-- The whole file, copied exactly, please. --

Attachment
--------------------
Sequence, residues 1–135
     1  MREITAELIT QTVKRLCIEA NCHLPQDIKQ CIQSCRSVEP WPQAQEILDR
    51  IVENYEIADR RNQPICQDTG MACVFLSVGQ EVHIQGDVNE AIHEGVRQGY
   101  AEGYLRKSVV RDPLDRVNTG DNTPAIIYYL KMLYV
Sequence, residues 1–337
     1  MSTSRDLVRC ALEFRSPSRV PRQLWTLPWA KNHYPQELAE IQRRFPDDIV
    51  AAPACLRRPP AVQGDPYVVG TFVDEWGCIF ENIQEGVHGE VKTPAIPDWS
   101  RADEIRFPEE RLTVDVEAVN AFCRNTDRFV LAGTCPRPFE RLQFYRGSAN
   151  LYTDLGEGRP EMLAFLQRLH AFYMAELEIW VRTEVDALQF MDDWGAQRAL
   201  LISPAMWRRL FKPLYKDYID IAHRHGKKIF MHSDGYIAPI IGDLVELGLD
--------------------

Sequence, residues 1–135
     1  MREITAELIT QTVKRLCIEA NCHLPQDIKQ CIQSCRSVEP WPQAQEILDR
    51  IVENYEIADR RNQPICQDTG MACVFLSVGQ EVHIQGDVNE AIHEGVRQGY
   101  AEGYLRKSVV RDPLDRVNTG DNTPAIIYYL KMLYV
Sequence, residues 1–337
     1  MSTSRDLVRC ALEFRSPSRV PRQLWTLPWA KNHYPQELAE IQRRFPDDIV
    51  AAPACLRRPP AVQGDPYVVG TFVDEWGCIF ENIQEGVHGE VKTPAIPDWS
   101  RADEIRFPEE RLTVDVEAVN AFCRNTDRFV LAGTCPRPFE RLQFYRGSAN
   151  LYTDLGEGRP EMLAFLQRLH AFYMAELEIW VRTEVDALQF MDDWGAQRAL
   201  LISPAMWRRL FKPLYKDYID IAHRHGKKIF MHSDGYIAPI IGDLVELGLD